“Skylark, you were never a bird”.
Well, what else is a skylark? That’s why I would have had his third favourite in second place, even if it is quoted slightly wrong.
Finally, if you don’t publish a blog post before the big day, then let me wish you and yours a very Merry Christmas and a Happy New Year. And above all, stay safe!
Thank you vey much, John. I am going to try to publish one. I’m afraid of being too repeative from the other past years though.
oops – repetitive
It’s an interesting comparison between the jewels and riches of the first two and the dirty, industrial image of the third. Perhaps a reflection of the nations spoke about in the poem, or how times have changed!
Talking of times, I hadn’t noticed how widely separated the three ships are, with Nineveh at 600BC, the Spanish in 1550-ish and the steamship in 1900. The first two empires are long gone, and I wonder if he was making a point about the British Empire.
You are certainly right, though, about the jewels and the riches of those first two ships and of the empires that owned them. Perhaps when he first wrote the poem in 1903, he couldn’t think of the British equivalent. I can’t, not beyond the Titanic!
Incidentally, a Merry Christmas and a Happy New Year to you and yours. And stay safe !
Thank you John, and the very same to you too. I hope it’s a peaceful one.
The power of teaching poetry in our schools!
Yes, absolutely. There are so many old poems that might engage the imagination of a child, usually tucked away in old collections of poetry. And they will all respect the rules of metre and rhyme, which, even if it is difficult to produce, is at least something to show children. If I were a young teacher again, I would look at the much neglected Rudyard Kipling whose poems are not all in praise of the British Empire, as these ten show:
and in modern times, Roger McGough my favourite poet and a stunning writer:
Available at only $6.00 odd second hand.
You have reminded me of my dad, Ivan who whenever we went to the seaside would forever quote…”I must go down to the seas again, to the lonely sea and the sky, And all I ask is a tall ship and a star to steer her by”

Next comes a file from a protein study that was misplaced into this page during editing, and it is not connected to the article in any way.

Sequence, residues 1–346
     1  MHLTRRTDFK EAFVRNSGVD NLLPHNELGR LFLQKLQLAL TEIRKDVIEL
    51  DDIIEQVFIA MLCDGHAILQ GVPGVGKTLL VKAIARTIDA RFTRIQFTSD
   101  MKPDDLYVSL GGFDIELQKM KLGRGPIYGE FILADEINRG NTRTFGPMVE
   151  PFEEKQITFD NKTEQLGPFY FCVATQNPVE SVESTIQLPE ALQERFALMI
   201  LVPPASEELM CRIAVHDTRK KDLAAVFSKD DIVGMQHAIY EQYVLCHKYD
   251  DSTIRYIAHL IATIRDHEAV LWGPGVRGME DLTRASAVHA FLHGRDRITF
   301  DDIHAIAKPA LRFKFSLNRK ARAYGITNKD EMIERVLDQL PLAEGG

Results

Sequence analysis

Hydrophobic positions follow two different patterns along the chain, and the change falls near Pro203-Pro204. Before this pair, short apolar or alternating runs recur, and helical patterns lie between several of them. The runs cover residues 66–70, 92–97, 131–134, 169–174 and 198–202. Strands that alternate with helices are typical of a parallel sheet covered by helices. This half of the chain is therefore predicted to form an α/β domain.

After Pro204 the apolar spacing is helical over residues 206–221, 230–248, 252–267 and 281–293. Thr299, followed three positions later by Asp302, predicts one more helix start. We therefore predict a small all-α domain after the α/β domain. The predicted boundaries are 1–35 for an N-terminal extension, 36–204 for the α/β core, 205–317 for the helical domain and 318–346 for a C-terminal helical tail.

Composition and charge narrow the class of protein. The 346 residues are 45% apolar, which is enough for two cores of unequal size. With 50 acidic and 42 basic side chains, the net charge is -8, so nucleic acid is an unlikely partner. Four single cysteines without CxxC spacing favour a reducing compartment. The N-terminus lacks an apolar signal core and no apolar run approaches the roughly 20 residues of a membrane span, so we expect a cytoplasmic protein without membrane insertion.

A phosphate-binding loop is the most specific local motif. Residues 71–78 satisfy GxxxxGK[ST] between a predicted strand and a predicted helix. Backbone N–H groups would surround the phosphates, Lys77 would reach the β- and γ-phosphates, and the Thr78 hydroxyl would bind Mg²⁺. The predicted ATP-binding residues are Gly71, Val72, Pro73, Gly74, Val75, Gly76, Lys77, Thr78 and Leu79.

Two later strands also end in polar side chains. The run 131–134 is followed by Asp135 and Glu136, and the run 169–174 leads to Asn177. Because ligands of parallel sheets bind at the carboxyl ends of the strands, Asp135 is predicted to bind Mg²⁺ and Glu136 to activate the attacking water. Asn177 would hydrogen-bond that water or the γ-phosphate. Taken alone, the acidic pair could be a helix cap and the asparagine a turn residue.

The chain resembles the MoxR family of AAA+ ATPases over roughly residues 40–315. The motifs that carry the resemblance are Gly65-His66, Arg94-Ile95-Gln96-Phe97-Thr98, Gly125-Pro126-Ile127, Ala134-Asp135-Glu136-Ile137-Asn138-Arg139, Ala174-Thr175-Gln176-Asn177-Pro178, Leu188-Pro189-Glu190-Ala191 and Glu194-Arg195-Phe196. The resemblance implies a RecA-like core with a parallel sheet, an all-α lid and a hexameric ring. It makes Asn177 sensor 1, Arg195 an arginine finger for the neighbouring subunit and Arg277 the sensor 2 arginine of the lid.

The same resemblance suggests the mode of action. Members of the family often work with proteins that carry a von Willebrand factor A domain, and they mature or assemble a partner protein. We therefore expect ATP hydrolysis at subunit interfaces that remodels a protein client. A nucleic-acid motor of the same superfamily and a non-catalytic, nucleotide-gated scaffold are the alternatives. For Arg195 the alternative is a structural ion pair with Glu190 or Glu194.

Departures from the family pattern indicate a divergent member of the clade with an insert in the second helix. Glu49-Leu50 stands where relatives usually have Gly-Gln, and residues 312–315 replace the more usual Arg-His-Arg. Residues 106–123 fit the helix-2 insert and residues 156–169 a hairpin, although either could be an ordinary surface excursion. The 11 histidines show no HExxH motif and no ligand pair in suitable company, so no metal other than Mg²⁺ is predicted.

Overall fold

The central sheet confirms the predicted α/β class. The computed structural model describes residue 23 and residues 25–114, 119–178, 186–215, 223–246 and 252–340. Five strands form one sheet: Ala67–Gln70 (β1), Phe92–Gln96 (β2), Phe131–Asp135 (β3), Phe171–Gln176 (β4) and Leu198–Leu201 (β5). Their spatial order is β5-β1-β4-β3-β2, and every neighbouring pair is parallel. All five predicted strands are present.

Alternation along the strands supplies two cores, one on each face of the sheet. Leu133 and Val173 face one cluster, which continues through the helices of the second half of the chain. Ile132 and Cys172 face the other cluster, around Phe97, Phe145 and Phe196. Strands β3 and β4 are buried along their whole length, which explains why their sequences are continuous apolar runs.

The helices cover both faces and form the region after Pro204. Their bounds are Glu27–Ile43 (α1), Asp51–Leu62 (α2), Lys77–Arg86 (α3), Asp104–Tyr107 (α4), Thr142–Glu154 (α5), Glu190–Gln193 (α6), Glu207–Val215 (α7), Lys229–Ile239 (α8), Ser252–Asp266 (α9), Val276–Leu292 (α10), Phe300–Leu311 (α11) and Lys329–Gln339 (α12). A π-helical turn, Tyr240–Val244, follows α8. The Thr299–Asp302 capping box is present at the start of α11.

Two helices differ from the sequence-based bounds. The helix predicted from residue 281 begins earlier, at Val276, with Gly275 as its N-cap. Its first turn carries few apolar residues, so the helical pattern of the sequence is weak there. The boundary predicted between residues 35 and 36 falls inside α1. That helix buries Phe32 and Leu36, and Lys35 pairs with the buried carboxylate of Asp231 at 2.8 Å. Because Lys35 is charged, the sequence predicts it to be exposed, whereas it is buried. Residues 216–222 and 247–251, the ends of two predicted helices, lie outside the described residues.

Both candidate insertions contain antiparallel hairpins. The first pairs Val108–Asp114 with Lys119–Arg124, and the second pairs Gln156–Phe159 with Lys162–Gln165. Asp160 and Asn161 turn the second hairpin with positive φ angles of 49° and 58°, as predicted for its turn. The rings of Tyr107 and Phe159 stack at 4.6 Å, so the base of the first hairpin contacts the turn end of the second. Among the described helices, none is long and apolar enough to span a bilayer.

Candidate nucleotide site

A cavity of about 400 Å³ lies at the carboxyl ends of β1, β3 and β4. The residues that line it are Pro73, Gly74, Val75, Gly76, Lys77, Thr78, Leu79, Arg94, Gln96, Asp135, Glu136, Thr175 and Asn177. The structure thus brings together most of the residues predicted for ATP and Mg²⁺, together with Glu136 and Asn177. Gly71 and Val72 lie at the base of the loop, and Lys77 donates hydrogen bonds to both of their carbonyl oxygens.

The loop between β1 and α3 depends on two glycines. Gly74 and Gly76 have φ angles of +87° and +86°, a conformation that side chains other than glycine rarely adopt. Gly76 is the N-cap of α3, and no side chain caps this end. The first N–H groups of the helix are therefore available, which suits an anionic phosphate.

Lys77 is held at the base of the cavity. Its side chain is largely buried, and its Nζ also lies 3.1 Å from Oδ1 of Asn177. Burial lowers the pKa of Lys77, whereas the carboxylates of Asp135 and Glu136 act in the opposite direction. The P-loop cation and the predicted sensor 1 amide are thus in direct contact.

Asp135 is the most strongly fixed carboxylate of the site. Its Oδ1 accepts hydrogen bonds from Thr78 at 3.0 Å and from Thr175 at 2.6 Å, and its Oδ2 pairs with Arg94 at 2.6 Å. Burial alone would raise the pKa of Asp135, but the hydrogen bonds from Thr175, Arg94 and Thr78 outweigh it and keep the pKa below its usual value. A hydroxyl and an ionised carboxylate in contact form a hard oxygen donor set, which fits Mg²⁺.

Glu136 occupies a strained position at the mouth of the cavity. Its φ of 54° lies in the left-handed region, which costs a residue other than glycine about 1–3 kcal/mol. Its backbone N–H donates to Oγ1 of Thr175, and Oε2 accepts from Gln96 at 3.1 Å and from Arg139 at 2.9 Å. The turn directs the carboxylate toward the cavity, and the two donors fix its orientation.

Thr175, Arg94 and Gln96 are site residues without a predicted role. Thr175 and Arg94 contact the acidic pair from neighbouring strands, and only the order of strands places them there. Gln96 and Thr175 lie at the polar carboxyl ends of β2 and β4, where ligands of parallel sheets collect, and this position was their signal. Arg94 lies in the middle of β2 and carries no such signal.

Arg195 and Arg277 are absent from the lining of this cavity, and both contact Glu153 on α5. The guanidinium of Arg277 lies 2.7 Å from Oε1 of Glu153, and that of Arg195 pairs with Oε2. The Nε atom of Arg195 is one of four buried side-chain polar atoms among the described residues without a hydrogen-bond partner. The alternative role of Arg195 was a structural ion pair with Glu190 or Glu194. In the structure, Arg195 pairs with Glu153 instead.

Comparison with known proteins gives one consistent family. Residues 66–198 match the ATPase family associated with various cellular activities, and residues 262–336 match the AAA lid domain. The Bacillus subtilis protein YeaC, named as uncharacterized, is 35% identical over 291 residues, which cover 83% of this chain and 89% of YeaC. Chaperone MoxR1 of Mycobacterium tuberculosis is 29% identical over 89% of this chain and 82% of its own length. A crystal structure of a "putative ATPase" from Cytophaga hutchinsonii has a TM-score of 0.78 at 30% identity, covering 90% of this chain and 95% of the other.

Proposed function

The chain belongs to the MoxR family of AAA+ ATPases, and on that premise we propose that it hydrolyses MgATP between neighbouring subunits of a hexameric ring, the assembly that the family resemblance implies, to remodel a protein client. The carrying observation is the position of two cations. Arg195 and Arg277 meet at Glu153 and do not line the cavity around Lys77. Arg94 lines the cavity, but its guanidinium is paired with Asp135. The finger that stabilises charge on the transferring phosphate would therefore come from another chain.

I am far too flippant for all four of those lines. I would go for the Spike Milligan version:
”I must go down to the seas again,
to the lonely sea and the sky,
I left my underpants on the beach down there,
I wonder if they’re dry !”
May I just wish you and your family a very Happy Christmas and a Happy New Year. Let’s hope that you’ll soon be back travelling in a big jet airliner somewhere, telling us all about what you have seen.
Happy Christmas to you and yours John.
Thank you for sharing the poetry and about your Dad!!.. with the changes and the gathering of knowledge through generations, I often wonder how those authors would write yesterdays poems into today’s words, would there be changes, one wonders?.. 🙂
Have a wonderful holiday and Merry Christmas and until we meet again..
May love and laughter light your days,
and warm your heart and home.
May good and faithful friends be yours,
wherever you may roam.
May peace and plenty bless your world
with joy that long endures.
May all life’s passing seasons
bring the best to you and yours!
Thank you so much for your good wishes. I have been on a diet recently, but that stops for a 48 hour period at 12.01 on December 25th. How happy just a simple hamburger will make me!! Or two or three.
And Merry Christmas to you and yours. Enjoy the holiday and stay safe.